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The Daily Northwestern

Northwestern University and Evanston's Only Daily News Source Since 1881

The Daily Northwestern

Northwestern University and Evanston's Only Daily News Source Since 1881

The Daily Northwestern

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SOLR teach-in emphasizes learning from, building relationships with campus workers

Joyce Li/The Daily Northwestern
SOLR members said learning about the history of labor movements at NU helps preserve generational knowledge.

Students gathered in Annenberg Hall Friday to learn about the history of labor movements at Northwestern from Students Organizing for Labor Rights.  

The event marked the last day of Disorientation Week, a series of teach-ins and activities hosted by various student activist organizations intended to help students learn about existing systems at the University and the history of movements to dismantle them. 

SOLR is a coalition of undergraduate students aiming to support campus workers through campaigns, mutual aid distributions and direct communication with the University. The club’s advocacy goals include higher wages and better working conditions for workers. 

“The goal of SOLR is to not have to exist,” SESP sophomore and SOLR member Jade Chi said. “In an ideal world, workers would be treated well, and we wouldn’t have to advocate for them.”

The organization was founded in 2018 when NU switched food service providers from Sodexo and Aramark to Compass Group, a company with an alleged history of overworking, underpaying and subjecting employees to hostile working conditions, according to SOLR members. The change required workers to go through a reapplication process to ensure continued employment. 

To ensure a smooth transition for all dining workers, SOLR members petitioned, canvassed and met with University administration and Compass representatives, members said.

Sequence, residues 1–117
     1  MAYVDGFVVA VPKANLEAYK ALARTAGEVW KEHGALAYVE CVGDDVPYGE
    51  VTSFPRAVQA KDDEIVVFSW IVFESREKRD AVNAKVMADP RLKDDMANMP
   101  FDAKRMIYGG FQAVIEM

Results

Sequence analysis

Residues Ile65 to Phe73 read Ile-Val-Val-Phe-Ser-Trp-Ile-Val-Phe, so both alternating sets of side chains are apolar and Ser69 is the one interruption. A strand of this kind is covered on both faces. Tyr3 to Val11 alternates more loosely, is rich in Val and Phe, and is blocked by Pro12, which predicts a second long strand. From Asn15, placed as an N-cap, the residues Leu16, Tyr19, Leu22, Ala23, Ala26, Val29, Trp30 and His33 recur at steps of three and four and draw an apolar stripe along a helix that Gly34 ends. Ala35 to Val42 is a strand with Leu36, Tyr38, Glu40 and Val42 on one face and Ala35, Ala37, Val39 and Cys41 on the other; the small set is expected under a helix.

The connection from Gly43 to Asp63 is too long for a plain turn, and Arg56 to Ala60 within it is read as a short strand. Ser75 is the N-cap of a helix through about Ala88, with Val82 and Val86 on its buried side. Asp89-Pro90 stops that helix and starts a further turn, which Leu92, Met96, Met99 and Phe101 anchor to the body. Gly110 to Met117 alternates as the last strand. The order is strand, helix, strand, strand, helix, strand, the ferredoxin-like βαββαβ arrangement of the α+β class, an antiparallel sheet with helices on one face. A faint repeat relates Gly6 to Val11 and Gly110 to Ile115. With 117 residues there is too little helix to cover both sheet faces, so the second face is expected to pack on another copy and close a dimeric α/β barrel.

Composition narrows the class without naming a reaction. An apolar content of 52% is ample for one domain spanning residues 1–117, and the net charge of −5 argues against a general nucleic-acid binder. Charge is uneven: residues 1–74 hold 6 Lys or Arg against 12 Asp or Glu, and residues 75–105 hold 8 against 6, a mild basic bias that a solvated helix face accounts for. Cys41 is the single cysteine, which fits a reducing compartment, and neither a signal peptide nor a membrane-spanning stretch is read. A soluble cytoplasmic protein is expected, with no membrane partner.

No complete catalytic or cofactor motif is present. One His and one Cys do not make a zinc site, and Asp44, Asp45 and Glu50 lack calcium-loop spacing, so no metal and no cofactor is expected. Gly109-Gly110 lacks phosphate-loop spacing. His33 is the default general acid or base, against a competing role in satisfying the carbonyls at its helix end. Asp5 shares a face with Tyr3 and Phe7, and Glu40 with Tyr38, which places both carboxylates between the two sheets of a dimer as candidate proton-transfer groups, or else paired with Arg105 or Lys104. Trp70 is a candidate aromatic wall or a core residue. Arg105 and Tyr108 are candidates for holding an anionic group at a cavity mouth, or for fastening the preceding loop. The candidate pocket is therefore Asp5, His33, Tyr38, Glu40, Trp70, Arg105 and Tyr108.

Event organizers said the history of labor organizing at NU did not start with the formation of SOLR, though. In 2009, students and University employees launched the Living Wage Campaign, a movement demanding NU to raise its hourly wage for subcontracted workers. 

“It’s kind of been hard to keep knowledge and information being passed down by generations of students,” SESP junior and SOLR member Hana-Lei Ji said. “It’s really important to … look back at the previous goals that have been set and demands that haven’t been met, and continue those demands now.” 

In 2010, to continue the fight for a living wage for campus workers, more than 370 NU community members demonstrated outside the office of then-University President Morton Schapiro. After the protest drew little reaction from NU, about 50 subcontracted workers built a “shanty town” consisting of three tents in front of the Rebecca Crown Center. 

Within a month, subcontracted workers got their first tangible victory when the University granted them “community benefits,” including access to Wildcard privileges.  

“Workers have shown a lot of leadership,” SESP sophomore and SOLR member Anusha Kumar said. “It’s really important to be aware of that and center their voices in the work that we do.”

Subcontracted food service workers finally settled on a contract in September 2011, which included free and reduced-cost health care and a $10 minimum wage, raised from the Illinois minimum wage of $8 when the campaign began. The contract also incrementally increased over the span of a four-year contract to translate into a “living wage for all workers.” 

Ji said she was surprised by what she learned from her research for the teach-in. She said there can be a misconception among campus activists that workers have not always been an active force in movement and advocacy efforts. 

“Workers have taken a lot of agency in … trying to organize and create protests and spread awareness about the conditions that they face,” she said. “Students have always been around to support that.” 

Presenters provided snacks and asked attendees to fill out an onboarding form at the end of the event. Members said they hope more students can get involved with campus labor movements. The group meets weekly and is non-hierarchical, allowing anyone to get involved in planning processes. 

In addition to signing petitions and participating in marches, members encouraged students to make an effort to build relationships with workers on campus by starting conversations. 

“There shouldn’t be a big distance between students and workers, because workers are constantly supporting on-campus students,” Kumar said. “There are daily efforts and ways to support workers without having to do really big things.” 

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